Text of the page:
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Is Indian 'soft power' in Afghanistan working?

Is Indian 'soft power' in Afghanistan working?

Author: Harsh V. Pant
Publication: The Japan Times
Date: October 30, 2009
URL: http://search.japantimes.co.jp/cgi-bin/eo20091030a1.html

In the second such strike in as many years, a suicide car-bombing outside the Indian Embassy in the Afghan capital Kabul recently left at least 17 dead (none of them embassy staff) and scores of others wounded. India has long been developing its "soft power" strategy in Afghanistan, sticking to civilian rather than military matters, but attacks on its embassy and the loss of Indian lives may force a change in strategy.

The blast was similar in most ways to the one that struck the Indian Embassy on July 7 last year, killing 60 people including a Foreign Service officer and a defense attache at the embassy. Subsequent investigations have determined that that attack was the brainchild of the Pakistan-based Haqqani group, with possible participation by some of that country's intelligence agents.

The same story is being repeated, as the Afghan envoy to the United States pointed to involvement of the Pakistani intelligence agency ISI in the most recent attack. It is the first time a top Afghan official has blamed ISI for a terror strike.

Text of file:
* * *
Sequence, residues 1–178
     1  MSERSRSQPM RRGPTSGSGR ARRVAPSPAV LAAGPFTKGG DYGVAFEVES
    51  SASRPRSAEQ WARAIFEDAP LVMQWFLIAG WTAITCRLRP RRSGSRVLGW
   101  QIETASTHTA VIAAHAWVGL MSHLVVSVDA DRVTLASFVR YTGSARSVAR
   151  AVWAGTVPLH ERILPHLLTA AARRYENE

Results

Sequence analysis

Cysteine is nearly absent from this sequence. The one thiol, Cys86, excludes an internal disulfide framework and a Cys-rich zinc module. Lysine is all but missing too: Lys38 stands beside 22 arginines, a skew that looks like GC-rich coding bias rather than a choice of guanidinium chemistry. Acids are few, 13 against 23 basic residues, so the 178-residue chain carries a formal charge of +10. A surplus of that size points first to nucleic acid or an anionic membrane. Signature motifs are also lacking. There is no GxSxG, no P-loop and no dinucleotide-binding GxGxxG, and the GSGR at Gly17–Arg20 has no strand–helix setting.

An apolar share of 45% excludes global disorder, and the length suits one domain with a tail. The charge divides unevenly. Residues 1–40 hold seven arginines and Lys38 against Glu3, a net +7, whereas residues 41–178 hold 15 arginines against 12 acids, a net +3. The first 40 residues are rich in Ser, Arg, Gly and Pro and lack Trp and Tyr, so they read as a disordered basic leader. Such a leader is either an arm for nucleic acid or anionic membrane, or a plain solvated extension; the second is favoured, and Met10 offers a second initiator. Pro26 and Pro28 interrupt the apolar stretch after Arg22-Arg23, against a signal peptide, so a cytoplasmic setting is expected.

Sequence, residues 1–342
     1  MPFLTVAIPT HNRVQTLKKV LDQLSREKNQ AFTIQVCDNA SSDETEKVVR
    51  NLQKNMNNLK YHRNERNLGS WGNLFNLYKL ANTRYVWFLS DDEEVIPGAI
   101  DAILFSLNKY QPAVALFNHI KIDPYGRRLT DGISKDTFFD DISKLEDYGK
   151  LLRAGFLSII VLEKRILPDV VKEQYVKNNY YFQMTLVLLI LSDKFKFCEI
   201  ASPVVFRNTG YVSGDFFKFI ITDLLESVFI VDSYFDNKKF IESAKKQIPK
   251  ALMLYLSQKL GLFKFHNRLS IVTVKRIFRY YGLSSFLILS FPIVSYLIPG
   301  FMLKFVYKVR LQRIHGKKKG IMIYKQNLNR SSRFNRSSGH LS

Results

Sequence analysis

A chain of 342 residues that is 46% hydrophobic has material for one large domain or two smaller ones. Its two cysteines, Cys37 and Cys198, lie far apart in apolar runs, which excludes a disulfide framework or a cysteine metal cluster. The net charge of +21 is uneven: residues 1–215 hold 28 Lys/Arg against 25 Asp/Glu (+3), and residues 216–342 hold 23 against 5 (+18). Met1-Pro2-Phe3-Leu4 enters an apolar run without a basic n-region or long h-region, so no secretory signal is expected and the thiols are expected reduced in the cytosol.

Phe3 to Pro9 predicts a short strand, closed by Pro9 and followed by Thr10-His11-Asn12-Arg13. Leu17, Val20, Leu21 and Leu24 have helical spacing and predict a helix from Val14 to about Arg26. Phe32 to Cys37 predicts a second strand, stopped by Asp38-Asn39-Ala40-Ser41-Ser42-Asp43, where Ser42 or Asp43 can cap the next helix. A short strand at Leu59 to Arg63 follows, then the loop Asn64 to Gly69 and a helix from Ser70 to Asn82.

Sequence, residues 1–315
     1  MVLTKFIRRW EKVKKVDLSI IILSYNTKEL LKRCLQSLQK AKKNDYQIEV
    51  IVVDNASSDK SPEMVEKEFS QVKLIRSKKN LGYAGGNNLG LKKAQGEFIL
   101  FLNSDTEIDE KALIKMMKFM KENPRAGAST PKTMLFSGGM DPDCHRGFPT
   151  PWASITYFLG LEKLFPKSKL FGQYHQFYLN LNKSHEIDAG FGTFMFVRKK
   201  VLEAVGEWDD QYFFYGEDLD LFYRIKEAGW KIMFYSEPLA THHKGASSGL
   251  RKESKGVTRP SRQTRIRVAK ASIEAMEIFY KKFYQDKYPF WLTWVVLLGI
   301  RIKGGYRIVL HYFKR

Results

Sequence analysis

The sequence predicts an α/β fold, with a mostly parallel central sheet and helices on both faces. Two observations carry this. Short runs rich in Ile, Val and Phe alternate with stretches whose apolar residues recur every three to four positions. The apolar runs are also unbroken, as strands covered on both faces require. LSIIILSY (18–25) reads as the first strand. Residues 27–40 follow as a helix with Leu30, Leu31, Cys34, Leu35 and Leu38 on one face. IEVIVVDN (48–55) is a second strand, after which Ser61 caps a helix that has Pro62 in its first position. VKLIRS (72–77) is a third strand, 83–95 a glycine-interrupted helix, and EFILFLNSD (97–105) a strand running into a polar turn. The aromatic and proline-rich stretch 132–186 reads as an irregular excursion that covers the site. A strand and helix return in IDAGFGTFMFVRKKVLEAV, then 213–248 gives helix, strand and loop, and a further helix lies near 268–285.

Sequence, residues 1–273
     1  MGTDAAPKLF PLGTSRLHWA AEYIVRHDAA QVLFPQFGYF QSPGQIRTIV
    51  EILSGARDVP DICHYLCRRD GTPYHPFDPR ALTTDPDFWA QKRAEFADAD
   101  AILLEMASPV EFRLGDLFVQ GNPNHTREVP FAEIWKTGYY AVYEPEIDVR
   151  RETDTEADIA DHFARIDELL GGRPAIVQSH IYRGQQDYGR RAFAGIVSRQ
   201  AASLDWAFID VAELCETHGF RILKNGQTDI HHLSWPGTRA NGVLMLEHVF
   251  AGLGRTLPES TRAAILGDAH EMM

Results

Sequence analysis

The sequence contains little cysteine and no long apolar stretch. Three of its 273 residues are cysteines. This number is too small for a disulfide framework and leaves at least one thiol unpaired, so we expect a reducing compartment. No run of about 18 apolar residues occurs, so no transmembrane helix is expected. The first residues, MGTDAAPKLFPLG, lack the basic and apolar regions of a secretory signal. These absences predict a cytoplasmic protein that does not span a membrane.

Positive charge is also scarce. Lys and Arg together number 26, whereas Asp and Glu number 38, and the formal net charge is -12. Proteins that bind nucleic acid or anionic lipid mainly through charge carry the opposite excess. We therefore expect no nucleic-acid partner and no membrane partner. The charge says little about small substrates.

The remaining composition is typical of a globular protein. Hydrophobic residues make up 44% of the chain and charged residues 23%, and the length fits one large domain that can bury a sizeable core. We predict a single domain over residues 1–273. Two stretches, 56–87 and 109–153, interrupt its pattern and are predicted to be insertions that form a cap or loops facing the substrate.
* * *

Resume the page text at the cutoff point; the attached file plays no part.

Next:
It is clear that forces unsympathetic to Indian involvement in Afghanistan are upping the ante and doing their best to force India out of Afghanistan as well as rupture burgeoning Indian-Afghan ties. Though the security revamp undertaken after last year's attack has improved protection at the embassy, this latest attempt underscores that India's increasing profile in Afghanistan will be accompanied by attempts to demoralize civilians who put their lives at risk to undertake development and humanitarian projects there.

Indeed, ordinary Afghans appear to have welcomed Indian involvement in their country. It was only in early October that a 202-kilometer-long transmission line was completed to deliver electricity to Kabul with India's help. India is building roads, improving medical facilities and helping with educational programs to develop and enhance long-term Afghan capabilities at the local level. Toward this end, it has been India's deliberate policy to refrain from giving its support a military dimension and to stick to civilian matters.

Western observers, on the other hand, have tended to view Indian involvement in Afghanistan as problematic, since it has undercut Pakistan's influence in the country. The result is that India's attempt to leverage its "soft power" in Afghanistan is becoming increasingly risky.

India has a tough road ahead as the perception grows that the Taliban are on the rebound, a heightened sense of political uncertainty prevails in Washington and the Obama administration vacillates on whether to accept the advice of military commanders to send more troops.